Sure, You Know the Many Benefits of Mantra Meditation, But How Does It Actually Work?

Mantra meditation

If you’ve always struggled with meditation, you might want to try using a mantra. Doing so will see you repeating a word or phrase during the meditation as a tool to help you clear your mind. You’ll be boosting your awareness and improving your concentration, both of which will lead to better results from meditation. Sounds pretty ideal, right?

But how do you actually practise it? Well, firstly, let’s chat about what exactly meditation is. “Meditation helps to keep me grounded and present with what is, rather than be caught in the emotions of the past and future,” says Kirra Michel, an Australian instructor at Peloton who are aiming to make meditation accessible to those who may have been hesitant to try it previously, in the comfort of their own homes.

“It helps me notice the narratives that run through the mind for what they are rather than being emotionally dragged around by them. It’s a training to redirect myself from my mind into my heart and breath and to gain a deeper understanding of the self.”

Michel explains that because of the energy in sound and the power of words, repeating a mantra (a sound vibration) can alter the patterns of the mind. It can help us to stay focussed and allow us to stay better connected to the present.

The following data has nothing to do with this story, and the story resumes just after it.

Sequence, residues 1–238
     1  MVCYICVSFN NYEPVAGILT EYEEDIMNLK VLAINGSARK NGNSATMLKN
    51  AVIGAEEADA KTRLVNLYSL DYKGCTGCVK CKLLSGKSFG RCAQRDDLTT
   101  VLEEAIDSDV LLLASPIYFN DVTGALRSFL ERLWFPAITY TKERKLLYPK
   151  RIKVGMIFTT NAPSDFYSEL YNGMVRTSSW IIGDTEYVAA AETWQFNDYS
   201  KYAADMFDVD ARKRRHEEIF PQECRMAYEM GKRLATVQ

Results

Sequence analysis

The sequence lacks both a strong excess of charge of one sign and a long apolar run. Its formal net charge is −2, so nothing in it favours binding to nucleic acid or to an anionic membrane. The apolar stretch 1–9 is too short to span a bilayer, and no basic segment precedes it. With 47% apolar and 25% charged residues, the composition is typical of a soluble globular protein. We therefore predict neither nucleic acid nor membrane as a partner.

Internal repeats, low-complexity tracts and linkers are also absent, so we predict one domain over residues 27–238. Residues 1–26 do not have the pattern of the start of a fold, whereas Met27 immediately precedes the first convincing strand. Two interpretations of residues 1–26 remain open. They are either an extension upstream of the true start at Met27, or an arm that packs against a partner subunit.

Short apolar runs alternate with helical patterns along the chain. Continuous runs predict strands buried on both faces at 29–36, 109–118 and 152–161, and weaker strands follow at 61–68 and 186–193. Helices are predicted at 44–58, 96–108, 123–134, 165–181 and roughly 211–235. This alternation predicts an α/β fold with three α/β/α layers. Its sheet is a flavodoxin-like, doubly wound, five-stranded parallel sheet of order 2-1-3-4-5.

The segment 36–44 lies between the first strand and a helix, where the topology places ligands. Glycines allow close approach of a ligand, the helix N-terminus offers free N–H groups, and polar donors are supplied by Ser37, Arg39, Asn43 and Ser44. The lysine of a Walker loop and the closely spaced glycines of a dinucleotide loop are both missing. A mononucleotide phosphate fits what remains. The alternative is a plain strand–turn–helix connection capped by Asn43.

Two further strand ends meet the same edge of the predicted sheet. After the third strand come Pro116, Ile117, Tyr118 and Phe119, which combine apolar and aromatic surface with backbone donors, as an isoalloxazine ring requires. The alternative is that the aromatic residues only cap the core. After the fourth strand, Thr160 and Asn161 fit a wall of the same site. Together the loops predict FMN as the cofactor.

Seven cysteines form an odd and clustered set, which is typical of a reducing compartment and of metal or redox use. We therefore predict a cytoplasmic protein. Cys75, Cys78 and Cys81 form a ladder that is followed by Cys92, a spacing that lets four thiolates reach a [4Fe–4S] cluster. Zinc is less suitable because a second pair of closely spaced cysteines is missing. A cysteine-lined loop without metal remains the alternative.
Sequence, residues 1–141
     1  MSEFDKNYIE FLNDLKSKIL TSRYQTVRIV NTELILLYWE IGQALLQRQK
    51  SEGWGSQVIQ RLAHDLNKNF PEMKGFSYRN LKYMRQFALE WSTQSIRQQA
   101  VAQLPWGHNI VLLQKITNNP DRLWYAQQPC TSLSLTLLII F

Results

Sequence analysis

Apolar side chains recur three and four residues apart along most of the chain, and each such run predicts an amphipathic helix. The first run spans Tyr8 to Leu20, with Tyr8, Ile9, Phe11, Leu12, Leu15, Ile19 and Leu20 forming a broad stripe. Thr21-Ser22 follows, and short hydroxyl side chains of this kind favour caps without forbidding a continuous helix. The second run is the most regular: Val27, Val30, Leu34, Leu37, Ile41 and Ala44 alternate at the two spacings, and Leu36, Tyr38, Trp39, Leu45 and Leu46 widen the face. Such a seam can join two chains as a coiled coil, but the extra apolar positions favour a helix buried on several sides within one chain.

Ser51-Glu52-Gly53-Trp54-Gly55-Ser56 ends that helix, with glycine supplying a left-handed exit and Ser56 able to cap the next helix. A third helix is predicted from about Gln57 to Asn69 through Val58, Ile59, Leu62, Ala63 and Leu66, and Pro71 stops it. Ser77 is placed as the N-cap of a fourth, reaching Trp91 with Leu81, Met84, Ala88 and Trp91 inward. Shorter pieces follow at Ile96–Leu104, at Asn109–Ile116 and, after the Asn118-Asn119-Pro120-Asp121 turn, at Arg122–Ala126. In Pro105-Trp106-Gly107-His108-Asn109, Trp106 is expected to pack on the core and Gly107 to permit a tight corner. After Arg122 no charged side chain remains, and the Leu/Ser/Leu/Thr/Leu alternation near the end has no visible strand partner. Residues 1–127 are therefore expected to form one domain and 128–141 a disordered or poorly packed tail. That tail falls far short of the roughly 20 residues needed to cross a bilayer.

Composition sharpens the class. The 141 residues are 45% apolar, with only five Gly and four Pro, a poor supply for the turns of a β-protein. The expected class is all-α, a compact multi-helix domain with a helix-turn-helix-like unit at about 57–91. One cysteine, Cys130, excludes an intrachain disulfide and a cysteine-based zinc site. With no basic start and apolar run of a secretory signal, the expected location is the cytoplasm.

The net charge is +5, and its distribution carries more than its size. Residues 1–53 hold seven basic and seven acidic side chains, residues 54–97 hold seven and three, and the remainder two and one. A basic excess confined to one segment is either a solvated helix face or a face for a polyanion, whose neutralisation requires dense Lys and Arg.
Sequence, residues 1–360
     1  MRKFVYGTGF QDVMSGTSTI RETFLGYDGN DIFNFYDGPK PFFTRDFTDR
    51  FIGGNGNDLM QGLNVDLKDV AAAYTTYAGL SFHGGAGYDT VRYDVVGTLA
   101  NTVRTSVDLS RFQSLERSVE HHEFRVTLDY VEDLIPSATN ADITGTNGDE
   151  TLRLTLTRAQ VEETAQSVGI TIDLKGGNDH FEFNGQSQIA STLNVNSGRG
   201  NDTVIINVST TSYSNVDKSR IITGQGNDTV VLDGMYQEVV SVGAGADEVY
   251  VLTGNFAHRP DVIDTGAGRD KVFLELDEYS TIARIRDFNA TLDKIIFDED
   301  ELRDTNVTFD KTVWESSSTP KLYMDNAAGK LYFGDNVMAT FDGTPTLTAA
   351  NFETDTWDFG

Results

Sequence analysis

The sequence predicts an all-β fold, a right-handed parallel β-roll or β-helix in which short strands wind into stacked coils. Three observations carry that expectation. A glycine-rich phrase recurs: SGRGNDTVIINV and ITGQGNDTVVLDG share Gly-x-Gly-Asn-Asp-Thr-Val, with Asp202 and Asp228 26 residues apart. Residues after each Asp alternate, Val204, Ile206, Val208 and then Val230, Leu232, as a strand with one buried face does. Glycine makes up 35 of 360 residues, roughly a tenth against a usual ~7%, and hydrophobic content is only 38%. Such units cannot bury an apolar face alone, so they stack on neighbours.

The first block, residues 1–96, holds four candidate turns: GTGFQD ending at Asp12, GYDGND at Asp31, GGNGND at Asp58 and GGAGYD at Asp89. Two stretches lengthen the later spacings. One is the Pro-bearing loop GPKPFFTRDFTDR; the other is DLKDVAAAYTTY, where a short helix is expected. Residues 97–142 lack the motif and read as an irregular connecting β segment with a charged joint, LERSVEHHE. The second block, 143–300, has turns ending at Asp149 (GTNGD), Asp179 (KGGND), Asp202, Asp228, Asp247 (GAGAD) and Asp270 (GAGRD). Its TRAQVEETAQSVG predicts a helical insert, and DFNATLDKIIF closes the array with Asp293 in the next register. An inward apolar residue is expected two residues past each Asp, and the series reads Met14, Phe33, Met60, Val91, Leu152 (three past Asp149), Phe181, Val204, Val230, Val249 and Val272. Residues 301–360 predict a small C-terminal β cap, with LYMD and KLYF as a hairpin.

As for how to use mantras, Michel says they don’t necessarily need to be designated only for formal meditation practice. “I encourage people to use mantras, which are similar to affirmations, throughout the day to help retrain the patterns of the mind to become more positive, loving and focused,” she says.

When it comes to using mantras during meditation, there are three key ones that you may come across when following a class.


This is a mantra that’s traditionally chanted at the beginning and end of yoga sessions. With roots in Hinduism, it’s both a sound and a symbol rich in meaning and depth. When pronounced correctly, it sounds more like ‘Aum’ and consists of four syllables: A, U, M, and the silent syllable. Om is considered the vibration or sound of the universe. It represents divine energy and generosity and purifies the ego.

“So Hum”

This is often the mantra given for those new to the practices of yoga and meditation to try. So Hum is a phrase comprised of two Sanskrit words. The literal translations are So = ‘That’ and Hum: ‘I’. Therefore, the translation of ‘So Hum’ is ‘I Am That’ which symbolises the fact we are all connected to the universal energy that is constantly supporting and nourishing us in the ways we need and desire.

“Just This Breath”

This meditation technique as one that helps to centre yourself by putting all your focus and attention on your breath.

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